Chinese Parliamentary Sessions 2013
March 2013 sees the annual meeting of the two legislative and consultative bodies of China, where major policies are decided and key government officials appointed. The National People's Congress (NPC) is held in the Great Hall of the People in China's capital, Beijing, and with 2,987 members, is the largest parliament in the world. It gathers alongside the People's Political Consultative Conference (CPPCC) whose members represent various groups of society.
'China threat' seen as factor as PLA budget growth dips
Military spending to rise by 10.7pc, down from past two years; analysts see a political move to reassure neighbours amid maritime disputes
Beijing announced another double-digit rise in its defence budget yesterday but the pace of growth will be down slightly on last year.
The budget report, released yesterday for review at the annual session of the National People's Congress (NPC), said military expenditure would rise by 10.7 per cent to 720 billion yuan (HK$888 billion) this year.
It said the budget increase would be used to improve working and living conditions for members of the People's Liberation Army, to press ahead with the army's modernisation and to boost national security.
The defence budget grew by 11.2 per cent last year and by 12.6 per cent in 2011.
Military experts said the smaller increase had political overtones because Beijing wanted to play down "China threat" fears amid territorial disputes with neighbouring countries.
"The slowdown shows Beijing's willingness to comfort those small countries involved in territorial disputes with China in the South China Sea and show that we are really going to have a peaceful rise," said Professor Ni Lexiong , director of the sea power and defence policy research institute at Shanghai University of Political Science and Law, adding the increase was less than he expected.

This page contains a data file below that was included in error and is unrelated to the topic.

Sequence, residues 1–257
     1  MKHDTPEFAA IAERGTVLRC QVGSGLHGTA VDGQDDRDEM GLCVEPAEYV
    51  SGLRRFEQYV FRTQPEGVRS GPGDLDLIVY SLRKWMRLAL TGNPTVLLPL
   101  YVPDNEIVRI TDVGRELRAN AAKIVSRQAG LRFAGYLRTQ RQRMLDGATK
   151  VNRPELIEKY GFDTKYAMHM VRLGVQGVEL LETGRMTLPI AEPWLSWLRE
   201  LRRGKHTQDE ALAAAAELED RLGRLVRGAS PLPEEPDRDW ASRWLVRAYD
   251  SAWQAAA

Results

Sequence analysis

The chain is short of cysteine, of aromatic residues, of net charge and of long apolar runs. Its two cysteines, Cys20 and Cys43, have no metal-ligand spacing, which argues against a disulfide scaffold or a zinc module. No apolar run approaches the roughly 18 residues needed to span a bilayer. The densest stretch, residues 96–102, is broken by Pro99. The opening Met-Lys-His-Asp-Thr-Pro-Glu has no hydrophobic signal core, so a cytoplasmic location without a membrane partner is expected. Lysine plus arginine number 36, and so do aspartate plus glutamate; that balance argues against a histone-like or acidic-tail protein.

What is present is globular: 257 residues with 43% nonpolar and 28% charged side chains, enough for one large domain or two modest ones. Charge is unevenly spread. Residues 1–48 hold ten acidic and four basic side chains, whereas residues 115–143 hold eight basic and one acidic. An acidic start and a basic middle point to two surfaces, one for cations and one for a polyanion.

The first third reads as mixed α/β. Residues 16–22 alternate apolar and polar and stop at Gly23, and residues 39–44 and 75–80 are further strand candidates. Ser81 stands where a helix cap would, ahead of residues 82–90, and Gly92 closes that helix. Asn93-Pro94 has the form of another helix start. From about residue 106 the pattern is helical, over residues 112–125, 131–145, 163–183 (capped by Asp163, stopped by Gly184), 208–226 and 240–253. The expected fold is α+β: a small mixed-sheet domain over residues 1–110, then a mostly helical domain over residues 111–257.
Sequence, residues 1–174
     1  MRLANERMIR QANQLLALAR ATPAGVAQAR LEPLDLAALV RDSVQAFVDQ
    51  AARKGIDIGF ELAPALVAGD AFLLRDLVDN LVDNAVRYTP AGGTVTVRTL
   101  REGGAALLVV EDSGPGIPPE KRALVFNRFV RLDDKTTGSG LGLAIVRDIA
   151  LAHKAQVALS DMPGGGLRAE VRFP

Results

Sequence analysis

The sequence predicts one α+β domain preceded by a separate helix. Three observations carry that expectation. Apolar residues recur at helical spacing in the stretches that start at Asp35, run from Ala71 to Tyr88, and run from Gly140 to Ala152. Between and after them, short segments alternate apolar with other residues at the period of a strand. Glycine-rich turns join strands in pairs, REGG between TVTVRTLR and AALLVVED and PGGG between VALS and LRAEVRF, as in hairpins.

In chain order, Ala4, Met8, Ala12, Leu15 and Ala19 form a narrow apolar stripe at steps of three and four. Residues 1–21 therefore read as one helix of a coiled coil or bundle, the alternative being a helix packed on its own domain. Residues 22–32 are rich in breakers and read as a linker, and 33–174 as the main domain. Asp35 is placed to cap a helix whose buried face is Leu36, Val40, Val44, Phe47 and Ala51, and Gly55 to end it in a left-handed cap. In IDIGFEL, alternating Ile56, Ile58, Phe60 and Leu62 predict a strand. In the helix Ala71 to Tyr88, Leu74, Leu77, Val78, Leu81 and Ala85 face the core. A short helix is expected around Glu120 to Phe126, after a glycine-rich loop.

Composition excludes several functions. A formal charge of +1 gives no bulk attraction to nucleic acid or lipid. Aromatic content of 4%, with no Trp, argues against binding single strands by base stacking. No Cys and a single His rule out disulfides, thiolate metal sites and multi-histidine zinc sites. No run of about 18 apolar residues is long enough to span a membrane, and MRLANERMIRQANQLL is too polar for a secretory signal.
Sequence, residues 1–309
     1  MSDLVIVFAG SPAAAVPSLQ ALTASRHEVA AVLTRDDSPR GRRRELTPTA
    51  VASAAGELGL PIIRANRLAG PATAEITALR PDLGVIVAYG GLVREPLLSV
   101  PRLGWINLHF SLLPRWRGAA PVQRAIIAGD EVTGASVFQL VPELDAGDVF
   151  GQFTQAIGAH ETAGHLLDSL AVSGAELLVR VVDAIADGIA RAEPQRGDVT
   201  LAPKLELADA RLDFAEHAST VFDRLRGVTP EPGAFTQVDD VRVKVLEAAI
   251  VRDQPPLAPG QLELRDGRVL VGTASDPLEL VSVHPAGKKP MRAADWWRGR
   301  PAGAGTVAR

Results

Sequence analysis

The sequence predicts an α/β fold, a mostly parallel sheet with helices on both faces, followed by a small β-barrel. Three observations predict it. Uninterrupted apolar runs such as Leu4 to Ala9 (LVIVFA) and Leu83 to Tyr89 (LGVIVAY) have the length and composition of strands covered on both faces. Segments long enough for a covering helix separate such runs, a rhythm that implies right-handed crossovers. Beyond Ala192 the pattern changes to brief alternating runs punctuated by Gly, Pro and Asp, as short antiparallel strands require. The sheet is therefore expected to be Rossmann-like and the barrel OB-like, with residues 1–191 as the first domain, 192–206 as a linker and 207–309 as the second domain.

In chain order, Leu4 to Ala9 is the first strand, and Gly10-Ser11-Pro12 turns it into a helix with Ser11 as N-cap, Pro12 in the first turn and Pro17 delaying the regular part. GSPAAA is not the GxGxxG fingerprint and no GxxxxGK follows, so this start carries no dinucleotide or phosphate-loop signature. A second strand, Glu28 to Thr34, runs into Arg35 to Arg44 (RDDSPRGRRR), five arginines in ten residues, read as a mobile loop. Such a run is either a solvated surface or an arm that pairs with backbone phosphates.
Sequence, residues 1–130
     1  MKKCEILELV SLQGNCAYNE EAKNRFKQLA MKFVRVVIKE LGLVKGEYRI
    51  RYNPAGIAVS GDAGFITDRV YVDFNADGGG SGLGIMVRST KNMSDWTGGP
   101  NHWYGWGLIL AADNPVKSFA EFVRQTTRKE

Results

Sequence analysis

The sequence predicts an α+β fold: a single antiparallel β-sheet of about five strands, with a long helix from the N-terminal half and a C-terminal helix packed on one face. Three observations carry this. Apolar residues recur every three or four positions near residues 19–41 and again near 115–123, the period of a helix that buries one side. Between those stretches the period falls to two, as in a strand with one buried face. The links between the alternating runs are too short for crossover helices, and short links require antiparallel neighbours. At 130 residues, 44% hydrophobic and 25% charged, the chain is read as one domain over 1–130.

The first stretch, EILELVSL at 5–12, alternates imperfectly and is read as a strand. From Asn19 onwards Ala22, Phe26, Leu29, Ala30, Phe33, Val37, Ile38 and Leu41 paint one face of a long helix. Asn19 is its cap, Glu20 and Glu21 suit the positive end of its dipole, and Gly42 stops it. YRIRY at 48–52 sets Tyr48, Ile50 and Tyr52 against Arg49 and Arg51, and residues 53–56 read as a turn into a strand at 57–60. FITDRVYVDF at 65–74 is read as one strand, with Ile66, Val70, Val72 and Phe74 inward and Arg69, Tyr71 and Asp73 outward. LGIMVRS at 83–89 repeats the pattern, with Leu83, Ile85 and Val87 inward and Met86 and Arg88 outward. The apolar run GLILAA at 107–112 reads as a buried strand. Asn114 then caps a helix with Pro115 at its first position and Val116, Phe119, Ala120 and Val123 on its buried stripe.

PLA representatives at yesterday's opening of the NPC session said they could accept the slowdown but hoped the government would continue paying attention to the army's modernisation.
"Under inflationary pressure, it's quite reasonable to increase military spending because we need to support soldiers' living standards and strengthen our national security," said General Qiu Wenming , a commander in the strategic missile corps.
Lieutenant General Lu Dingwen , deputy commander of the Guangzhou Military Command, said the army preferred a bigger increase. "But of course we submit to the needs of our country and take care of the whole situation," he said.
Former PLA Navy political commissar Hu Yanlin said on the sidelines of the NPC session that more spending would be allocated to the navy, given its desire to become a maritime power - a keynote policy first declared by President Hu Jintao and then endorsed by Communist Party chief Xi Jinping at the party's national congress in November.
"In our defence budget, the navy has still been given priority," he said, referring to recent achievements such as the launch of their first aircraft carrier, which staged successful take-off and landing tests.
Andrei Chang, editor-in-chief of the Canadian-based Kanwa Asian Defence Monthly, said China's actual defence spending would probably be three times the figure announced yesterday.
"Just like the previous budgets, this year they still failed to include two key items - the defence technology research and development budget and the special programmes budget used to purchase weapons overseas," Chang said. "Both are directly allocated by the Ministry of Finance to different institutes for R&D purposes."